Even though temperatures are still quite warm, and it may seem early to begin preparing the garden for winter, it soon will be time to bring in tender perennials.
Cannas (Canna indica) are on the list of tender perennials to bring in for the winter. The genus Canna comes from the Greek for “reed”, while the species indica means “Indian”, from Southeast Asia. All Cannas are flowering tropical plants with large, paddle-shaped, fleshy, tender leaves.
Cannas look ragged as the end of their growing season nears and if not already done, flowers should be deadheaded. Cut off faded flowers by severing the flower stalk down to the point of leaf attachment. Plants can remain like this until a light frost but since Cannas are tropical plants, the tender foliage will be killed by a frost.
Cannas can be left in the ground in areas that have mild winters, but because Lubbock has in recent years experienced severe winter temperatures that have damaged even winter-hardy plants, gardeners wishing to save rhizomes for the next growing season can lift them and store until the next spring.
Rhizomes can be lifted when foliage senesces and at any time prior to or after a light frost. Lift rhizomes before a hard freeze.
Prepare Cannas for lifting by cutting back foliage to several inches before the first frost. Lift rhizome clumps using a garden fork. Start a foot away from the clumps to avoid damaging any rhizomes. Gently lift the soil under the clump. Roots that interfere with the lifting will eventually become free of the soil. Raise the clump and shake off soil. Wait until spring to divide clumps.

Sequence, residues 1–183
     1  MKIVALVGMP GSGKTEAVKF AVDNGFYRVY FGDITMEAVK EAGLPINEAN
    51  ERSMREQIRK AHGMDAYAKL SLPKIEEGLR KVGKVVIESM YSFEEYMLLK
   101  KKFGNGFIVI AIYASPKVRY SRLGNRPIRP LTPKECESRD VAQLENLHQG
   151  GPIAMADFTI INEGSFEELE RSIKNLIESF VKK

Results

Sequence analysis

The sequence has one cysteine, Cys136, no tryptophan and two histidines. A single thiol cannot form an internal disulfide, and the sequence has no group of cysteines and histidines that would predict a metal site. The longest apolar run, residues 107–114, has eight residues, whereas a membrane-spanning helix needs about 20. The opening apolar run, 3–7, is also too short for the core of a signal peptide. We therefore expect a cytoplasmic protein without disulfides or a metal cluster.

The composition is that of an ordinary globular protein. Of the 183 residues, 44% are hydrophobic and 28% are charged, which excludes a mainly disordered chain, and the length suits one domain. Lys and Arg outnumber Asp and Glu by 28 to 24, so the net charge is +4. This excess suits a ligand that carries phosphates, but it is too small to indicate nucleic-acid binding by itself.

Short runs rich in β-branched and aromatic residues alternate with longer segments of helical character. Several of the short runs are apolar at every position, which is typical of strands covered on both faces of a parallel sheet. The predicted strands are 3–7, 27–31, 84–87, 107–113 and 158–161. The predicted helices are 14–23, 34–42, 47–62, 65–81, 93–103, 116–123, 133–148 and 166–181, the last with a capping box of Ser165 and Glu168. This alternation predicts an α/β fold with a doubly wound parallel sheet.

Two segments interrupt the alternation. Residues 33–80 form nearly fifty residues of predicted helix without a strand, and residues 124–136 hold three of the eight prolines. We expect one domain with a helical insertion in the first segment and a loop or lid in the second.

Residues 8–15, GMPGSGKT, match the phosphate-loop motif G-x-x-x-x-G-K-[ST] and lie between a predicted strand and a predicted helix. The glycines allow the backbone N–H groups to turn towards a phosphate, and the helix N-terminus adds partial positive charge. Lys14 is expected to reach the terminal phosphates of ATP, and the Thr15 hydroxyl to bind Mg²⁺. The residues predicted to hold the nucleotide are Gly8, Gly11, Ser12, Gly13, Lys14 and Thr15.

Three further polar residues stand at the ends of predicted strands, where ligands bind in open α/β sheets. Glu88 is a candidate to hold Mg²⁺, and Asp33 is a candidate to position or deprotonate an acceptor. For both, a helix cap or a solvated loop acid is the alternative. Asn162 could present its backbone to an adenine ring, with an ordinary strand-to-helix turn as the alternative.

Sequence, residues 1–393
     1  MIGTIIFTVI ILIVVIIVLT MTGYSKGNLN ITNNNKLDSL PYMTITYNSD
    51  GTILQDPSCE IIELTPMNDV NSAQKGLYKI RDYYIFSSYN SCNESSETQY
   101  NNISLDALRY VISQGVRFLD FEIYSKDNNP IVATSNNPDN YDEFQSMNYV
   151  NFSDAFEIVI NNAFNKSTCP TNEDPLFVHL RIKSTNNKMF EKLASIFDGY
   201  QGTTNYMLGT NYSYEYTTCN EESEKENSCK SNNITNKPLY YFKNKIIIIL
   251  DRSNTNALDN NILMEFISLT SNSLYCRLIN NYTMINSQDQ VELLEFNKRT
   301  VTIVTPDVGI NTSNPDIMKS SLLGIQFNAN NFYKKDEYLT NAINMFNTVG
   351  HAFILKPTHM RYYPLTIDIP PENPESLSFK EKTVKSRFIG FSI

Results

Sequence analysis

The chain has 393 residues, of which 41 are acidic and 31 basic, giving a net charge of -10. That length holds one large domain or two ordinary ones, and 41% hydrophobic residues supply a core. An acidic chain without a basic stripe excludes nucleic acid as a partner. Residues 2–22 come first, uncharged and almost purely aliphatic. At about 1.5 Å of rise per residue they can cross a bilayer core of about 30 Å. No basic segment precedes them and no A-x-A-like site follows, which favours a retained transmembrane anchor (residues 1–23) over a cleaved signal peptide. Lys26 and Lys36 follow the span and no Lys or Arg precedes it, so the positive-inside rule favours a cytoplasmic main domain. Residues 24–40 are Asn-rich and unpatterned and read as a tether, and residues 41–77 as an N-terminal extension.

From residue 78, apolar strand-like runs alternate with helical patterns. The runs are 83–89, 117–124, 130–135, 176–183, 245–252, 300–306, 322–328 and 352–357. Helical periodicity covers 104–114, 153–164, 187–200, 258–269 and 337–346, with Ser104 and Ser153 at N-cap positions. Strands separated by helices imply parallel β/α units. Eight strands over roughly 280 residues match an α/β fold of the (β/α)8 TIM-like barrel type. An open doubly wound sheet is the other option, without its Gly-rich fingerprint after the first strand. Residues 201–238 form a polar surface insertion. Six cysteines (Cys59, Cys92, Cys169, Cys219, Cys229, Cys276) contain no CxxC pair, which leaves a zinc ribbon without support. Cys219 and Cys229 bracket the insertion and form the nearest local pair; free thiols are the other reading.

Label each clump of rhizomes if more than one cultivar is being saved. Cure rhizomes in a dark, cool, well-ventilated location until skin toughens. A few days is usually sufficient for the skin to dry. This step is necessary to reduce spoilage.
Store rhizomes in a dry, dark, ventilated location that does not drop below 40°F. Hold over the winter by loosely wrapping rhizomes in tissue or newspaper, keeping clumps separate and without touching neighbors.
Rhizomes are divided in the spring. Keep several rhizomes in each clump, leaving several growing points per clump. When dividing clumps, keep as much stem tissue as possible for each growing point. Healthy, firm growing points are essential as they give rise to next year’s shoots.
Transplant rhizomes in the spring after danger of frost has past, when night temperatures are above 50°F and when soil temperatures are at least 60°F. Place rhizomes in well-tilled soil that has been amended with organic matter. Rhizomes are large and are deeply planted, about 5 inches deep with several feet between clumps.
Keep soil most, but not wet. Rhizomes will resume growth. Beautiful Canna blooms can be expected in early summer.
Ellen Peffley taught horticulture at the college level for 28 years, 25 of those at Texas Tech, during which time she developed two onion varieties. She is now the sole proprietor of From the Garden, a market garden farmette. You can email her at email@example.com
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